Music And Sound

How To Record Music At Home In A Few Easy Steps

Photo by Elina Sazonova from Pexels

When you think of recording music, what is the first thing that comes to mind? Probably a recording studio.

The Cost of Recording Music In A Recording Studio

As an aspiring artist, you have two options:

Hire a professional studio to record your music, or

Learn how to record music at home, and use an at-home studio to mix and master your recordings.

On the lower end, it can cost you $40 an hour to hire a recording studio. On the higher end, that’s $500 an hour. 

Most recording studios will detail how their on-site sound engineer will help you mix and master your song as a way to justify their prices. However, a song can take up to a day to record, so that $40 an hour adds up quite quickly. If you’re recording – for example, a three-track demo – you can spend three days in the recording studio for a minimum cost of $960. That’s why it helps to know how to record music at home.

Besides, with the right software, you can develop your skills as a DIY sound engineer, enabling you to hear and improve your sound as needed.

In addition to the enormous cost of recording a demo, some recording studios require you to sign over the rights to your masters. These are referred to as demo deals or development deals. You may not even know you’re signing these deals. But this sort of deal will inhibit your ability to release, or profit from, your music later on. Therefore, learning how to record music at home will enable you to break free from binding – and unscrupulous – contracts and allow you to retain as close to 100% of your royalties as possible.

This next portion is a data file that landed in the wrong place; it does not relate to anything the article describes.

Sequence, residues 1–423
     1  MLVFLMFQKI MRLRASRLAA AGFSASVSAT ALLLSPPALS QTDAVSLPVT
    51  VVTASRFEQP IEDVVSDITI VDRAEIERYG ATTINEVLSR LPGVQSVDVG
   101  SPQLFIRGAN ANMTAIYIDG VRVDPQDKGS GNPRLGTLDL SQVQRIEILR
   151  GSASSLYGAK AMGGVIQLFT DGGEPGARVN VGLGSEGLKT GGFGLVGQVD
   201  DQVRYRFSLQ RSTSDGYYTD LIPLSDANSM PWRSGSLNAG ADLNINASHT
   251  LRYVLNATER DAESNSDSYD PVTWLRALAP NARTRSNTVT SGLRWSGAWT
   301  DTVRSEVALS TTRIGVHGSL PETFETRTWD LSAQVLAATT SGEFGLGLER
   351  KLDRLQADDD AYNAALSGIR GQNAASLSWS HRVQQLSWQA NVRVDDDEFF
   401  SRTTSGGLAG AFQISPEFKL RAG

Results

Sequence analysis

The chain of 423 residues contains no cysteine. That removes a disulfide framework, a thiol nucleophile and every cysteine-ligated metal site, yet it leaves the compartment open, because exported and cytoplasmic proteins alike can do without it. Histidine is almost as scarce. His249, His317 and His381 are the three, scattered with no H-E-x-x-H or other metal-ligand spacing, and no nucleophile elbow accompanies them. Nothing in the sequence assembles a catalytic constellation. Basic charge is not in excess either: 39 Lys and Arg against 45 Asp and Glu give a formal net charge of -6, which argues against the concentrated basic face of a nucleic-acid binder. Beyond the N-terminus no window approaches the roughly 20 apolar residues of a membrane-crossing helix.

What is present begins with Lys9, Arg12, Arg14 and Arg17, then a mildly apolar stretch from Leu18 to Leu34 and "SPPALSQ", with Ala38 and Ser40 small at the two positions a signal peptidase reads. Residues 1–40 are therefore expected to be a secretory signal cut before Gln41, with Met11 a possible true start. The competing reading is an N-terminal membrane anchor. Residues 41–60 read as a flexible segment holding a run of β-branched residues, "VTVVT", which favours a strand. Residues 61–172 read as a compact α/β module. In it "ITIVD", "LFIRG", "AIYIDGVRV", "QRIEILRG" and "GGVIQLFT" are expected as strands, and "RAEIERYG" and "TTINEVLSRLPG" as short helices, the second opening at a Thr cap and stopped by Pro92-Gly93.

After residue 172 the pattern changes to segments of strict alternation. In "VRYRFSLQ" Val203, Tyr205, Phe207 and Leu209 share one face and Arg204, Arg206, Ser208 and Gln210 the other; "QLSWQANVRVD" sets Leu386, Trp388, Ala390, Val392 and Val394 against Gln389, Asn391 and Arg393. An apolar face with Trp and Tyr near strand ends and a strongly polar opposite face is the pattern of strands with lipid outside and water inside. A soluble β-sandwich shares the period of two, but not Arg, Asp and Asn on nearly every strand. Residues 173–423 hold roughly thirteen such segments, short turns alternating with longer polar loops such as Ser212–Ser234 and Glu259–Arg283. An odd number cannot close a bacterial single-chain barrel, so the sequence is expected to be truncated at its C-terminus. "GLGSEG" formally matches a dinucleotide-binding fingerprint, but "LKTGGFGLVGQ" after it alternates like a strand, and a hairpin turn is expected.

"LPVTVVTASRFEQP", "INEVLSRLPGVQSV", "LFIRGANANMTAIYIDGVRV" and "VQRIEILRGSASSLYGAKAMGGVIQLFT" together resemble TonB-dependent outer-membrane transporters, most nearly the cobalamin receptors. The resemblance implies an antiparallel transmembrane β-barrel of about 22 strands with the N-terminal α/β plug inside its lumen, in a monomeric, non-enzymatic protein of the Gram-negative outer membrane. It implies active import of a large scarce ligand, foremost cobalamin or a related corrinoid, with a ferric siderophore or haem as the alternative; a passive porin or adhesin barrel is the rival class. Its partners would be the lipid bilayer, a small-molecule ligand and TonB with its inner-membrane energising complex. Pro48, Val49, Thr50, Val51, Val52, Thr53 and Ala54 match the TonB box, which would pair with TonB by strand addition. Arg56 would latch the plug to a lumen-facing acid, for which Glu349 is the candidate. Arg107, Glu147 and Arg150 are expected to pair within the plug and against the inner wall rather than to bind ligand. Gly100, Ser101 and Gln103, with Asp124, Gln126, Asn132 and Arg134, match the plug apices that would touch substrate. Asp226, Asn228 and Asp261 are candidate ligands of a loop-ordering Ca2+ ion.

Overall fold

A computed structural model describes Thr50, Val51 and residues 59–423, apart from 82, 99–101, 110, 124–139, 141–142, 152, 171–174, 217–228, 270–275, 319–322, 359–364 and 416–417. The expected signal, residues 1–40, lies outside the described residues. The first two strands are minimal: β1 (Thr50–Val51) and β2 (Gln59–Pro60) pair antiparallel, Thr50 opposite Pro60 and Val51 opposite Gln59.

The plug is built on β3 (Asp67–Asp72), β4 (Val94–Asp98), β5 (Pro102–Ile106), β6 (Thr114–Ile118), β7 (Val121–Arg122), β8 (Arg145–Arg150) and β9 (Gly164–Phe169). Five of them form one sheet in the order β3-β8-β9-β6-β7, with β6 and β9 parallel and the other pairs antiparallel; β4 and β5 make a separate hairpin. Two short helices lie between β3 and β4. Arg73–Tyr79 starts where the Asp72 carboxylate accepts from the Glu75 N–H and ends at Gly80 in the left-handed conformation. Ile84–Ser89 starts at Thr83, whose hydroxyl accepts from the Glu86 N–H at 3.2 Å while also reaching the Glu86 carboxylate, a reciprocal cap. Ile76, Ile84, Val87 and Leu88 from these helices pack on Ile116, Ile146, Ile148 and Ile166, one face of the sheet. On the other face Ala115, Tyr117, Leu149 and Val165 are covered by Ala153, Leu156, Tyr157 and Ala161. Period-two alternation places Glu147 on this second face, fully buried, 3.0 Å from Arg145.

For most aspiring musicians, there isn’t a need to record in a studio. You can perfect your sound and release music working with an at-home studio, similar to artists like Dayglow.

Choosing A Room To Record Music

The first step when you’re learning how to record music at home is to choose the best room for the job. If you’re using a portable setup, you can record in one part of your home and edit in another. However, when you’re searching for a room to record in, there are two elements you need to be aware of: soft and hard finishes.

Hard finishes like countertops, appliances, or windows equate to more reverb, reflections, and resonances. If you choose a room with more soft finishes, the less reverb your recorded vocals will have.

In production, reverb can severely affect your overall sound. 

Reverb can pull your vocals back and make them difficult to hear. When you’re balancing the volume of a large dynamic range, you’ll use heavy processing. This heavy processing will also be applied to the reverb on a voice, and make your voice sound unnatural.

To ensure you’re not affected by reverb, find a room in your home with sufficient soft finishes like a bedroom or your lounge. And avoid areas with too many hard finishes like a kitchen or garage. 

Tip: You can soften a room by adding soft furnishing and decor like rugs, couches, and noise-reducing curtains. 

Equipment And Software You Need When You’re Learning How To Record Music At Home

Once you choose a room to record your music, you should begin purchasing equipment. If you’re strapped for cash, you can find used equipment on OfferUp, or even try to find musicians or podcasters who are closing shop and need to get rid of their equipment.

When you’re purchasing equipment, this is the bare necessities of what you’ll need.

DAW Software

DAW software is an absolute necessity. If you’re unfamiliar with DAW software, it’s what you’re going to use to record, edit, and produce audio files.